Drowning Ophelia

FULL-LENGTH PLAY. Jane doesn’t know what to do with the literary character who has taken up residence in her bathtub. She doesn’t want Ophelia interrupting the obsessive order of her life with obnoxious songs about death and valentines. She doesn’t want Ophelia disrupting her relationship with Edmund, the oddly charming actor who might show up for dinner in a suit…or a suit of armor. And she most definitely...
FULL-LENGTH PLAY. Jane doesn’t know what to do with the literary character who has taken up residence in her bathtub. She doesn’t want Ophelia interrupting the obsessive order of her life with obnoxious songs about death and valentines. She doesn’t want Ophelia disrupting her relationship with Edmund, the oddly charming actor who might show up for dinner in a suit…or a suit of armor. And she most definitely doesn’t want Ophelia stirring up memories of a brother she would rather forget. But Ophelia doesn’t care about what Jane wants so much as what she needs. As Jane’s past intrudes dangerously on her present, it becomes clear that Ophelia is not simply a character from "Hamlet," but a long-forgotten messenger with a question from Jane’s own troubled mind: How do you move on when reconciliation is not an option?

"Drowning Ophelia" is a dark comedy performed in one act about the long-term consequences of childhood abuse, and a love letter to those who have suffered. There is always hope.
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Drowning Ophelia

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  • Nick Malakhow:
    2 Nov. 2020
    A powerful, moving, funny, theatrical piece that examines trauma and sexual abuse in a way that only theater can. The figure in the tub is a direct, potent, and inventive extended metaphor for Jane's processing of her trauma, and the way the piece winds back and forth through time and space builds tension and suspense. From a designer's, actor's, and director's perspective, there is so much to do here! Even as she weaves a wholly new contemporary story, Strayer also manages to unpack the legacy of what Shakespeare and history/interpretation have done to Ophelia as well.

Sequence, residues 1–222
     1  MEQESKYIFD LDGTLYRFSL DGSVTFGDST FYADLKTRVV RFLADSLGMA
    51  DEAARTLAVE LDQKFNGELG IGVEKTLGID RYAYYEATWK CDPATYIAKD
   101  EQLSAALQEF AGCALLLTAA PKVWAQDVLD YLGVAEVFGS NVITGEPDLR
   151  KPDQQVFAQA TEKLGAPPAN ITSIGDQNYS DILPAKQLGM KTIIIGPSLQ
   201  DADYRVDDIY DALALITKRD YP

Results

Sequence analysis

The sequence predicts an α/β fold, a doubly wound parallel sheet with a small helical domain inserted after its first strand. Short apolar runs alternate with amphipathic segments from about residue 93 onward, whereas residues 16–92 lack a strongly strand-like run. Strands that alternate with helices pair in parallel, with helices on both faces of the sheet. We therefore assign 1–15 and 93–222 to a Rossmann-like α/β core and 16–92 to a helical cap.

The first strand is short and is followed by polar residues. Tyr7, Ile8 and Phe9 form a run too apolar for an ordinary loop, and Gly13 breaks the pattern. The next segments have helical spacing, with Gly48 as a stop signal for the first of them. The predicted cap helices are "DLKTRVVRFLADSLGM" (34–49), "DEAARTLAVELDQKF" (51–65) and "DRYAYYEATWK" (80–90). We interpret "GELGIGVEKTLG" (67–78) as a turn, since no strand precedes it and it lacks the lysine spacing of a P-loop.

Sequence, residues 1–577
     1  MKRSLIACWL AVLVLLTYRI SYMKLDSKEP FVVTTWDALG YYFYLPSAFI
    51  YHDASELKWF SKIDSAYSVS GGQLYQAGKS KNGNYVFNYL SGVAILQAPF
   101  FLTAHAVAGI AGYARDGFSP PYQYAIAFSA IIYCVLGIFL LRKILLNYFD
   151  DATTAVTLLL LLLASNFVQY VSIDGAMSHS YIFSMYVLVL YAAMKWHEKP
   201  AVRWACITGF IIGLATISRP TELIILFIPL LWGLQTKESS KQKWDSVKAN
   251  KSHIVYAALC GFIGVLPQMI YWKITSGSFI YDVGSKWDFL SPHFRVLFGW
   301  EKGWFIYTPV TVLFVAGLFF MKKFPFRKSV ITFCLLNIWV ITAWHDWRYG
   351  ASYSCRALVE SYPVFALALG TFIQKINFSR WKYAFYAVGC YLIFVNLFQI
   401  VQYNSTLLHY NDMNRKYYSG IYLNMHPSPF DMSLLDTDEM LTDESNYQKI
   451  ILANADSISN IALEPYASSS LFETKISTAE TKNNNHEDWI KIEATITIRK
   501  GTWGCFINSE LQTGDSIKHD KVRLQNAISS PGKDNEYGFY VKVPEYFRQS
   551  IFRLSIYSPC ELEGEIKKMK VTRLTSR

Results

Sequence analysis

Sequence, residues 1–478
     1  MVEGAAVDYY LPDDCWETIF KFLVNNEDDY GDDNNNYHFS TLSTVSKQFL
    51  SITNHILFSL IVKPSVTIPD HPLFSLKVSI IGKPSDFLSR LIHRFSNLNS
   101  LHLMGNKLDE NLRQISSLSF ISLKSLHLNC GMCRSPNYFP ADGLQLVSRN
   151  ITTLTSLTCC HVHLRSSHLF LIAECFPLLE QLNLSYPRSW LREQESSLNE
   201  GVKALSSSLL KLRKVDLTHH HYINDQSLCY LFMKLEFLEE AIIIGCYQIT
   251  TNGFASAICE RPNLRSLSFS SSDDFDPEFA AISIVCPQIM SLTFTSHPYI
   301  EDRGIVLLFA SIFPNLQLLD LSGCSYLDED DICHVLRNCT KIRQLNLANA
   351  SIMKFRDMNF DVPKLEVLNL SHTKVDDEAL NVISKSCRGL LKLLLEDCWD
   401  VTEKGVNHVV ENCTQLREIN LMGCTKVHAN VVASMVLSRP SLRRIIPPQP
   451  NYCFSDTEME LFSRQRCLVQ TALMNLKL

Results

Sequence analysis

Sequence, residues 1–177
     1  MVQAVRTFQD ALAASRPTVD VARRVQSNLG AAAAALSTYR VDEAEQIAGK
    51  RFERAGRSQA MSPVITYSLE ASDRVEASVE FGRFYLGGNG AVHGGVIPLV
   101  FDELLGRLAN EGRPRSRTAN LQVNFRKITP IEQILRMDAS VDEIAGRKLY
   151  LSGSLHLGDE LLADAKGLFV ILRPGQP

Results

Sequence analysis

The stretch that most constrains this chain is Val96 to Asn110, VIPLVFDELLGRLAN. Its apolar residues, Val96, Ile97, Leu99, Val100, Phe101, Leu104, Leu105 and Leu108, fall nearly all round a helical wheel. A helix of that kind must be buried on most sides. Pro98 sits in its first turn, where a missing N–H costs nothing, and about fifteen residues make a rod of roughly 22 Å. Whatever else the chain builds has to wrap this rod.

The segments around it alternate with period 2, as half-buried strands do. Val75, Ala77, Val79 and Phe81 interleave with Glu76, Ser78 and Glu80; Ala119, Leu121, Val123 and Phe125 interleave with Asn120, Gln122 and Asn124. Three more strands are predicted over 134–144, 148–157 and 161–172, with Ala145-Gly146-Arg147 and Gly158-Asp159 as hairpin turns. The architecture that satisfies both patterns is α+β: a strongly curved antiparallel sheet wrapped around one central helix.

• Toby Malone:
    16 Sep. 2020
    A devastating, beautifully crafted survivor's tale that weaves skilfully between memory and imagination, between thought and action, all supported by a bratty, wilful, wise Ophelia who walks alongside Jane as she wrangles with her trauma and survivor's guilt. Brilliantly intense and thoughtful, this play brings the trauma of survival to the fore and offers no easy answers or resolutions. Wonderful work.
  • David Hansen:
    13 Apr. 2020
    Strayer's "Drowning Ophelia" is a survivor's tale, of a woman's journey to rise above the brokenness and betrayal one feels when abused by a beloved family member, one whose departure makes confrontation impossible. Ophelia never had the opportunity to confront her abuser, and so Hamlet gets to move forward feeling as though he got something wrong and feel bad about it. Strayer's protagonist also grapples to attain peace through action, fighting madness, and we're left to hope that she some day will. It is a strong narrative, poetically rendered, and I would be thrilled to one day experience a production.

Character Information

  • Ophelia
    Ageless but child-like,
    Female
    At first sight, Ophelia appears to be straight out of Shakespeare's HAMLET, and her language reflects this. She is child-like, but purposeful in all she says and does. She very much cares about all the characters in the play, and wishes more than anything to communicate what is troubling her, so it might be resolved.
  • Jane
    18-45,
    Female
    Jane is a bit obsessive and a tad on edge. She likes to stay in control of her surroundings, even so far as to hire someone who will play romantic roles with her, while staying at a safe, non-personal distance. She is aware of Ophelia at all times and her greatest goal is to keep Ophelia contained in her bathtub where she belongs. Jane needs to grieve two great losses in her life, but is desperate not to face them at all.
  • Edmund
    18-49,
    Male
    Edmund is an actor, equal parts charm and awkwardness. He genuinely likes Jane, but is troubled by her outbursts. He is minimally aware of Ophelia, and will attempt to ignore her for Jane's benefit. He's nice, but ill-equipped to handle what's happening in Jane's life.
  • Adam
    20-49,
    Male
    Adam is devastatingly likable, at least in his interactions with Ophelia. He is fun and funny and loving...until he isn't. With Jane, he can vacillate between brash and distant, tense and nonchalant. Adam should be able to make the audience fall in love with him, until her breaks their hearts.

Development History

  • Reading
    ,
    Bloomsburg Theatre Ensemble
    ,
    2012
  • Reading
    ,
    Wilkes University at the Drama Book Shop
    ,
    2010

Production History

  • University
    ,
    University of Idaho
    ,
    2019
  • Community Theater
    ,
    Gaslight Theatre Company
    ,
    2016
  • Fringe
    ,
    Ensemble Atria & Eager Risk Theater
    ,
    2016
  • Professional
    ,
    Repurposed Theatre
    ,
    2013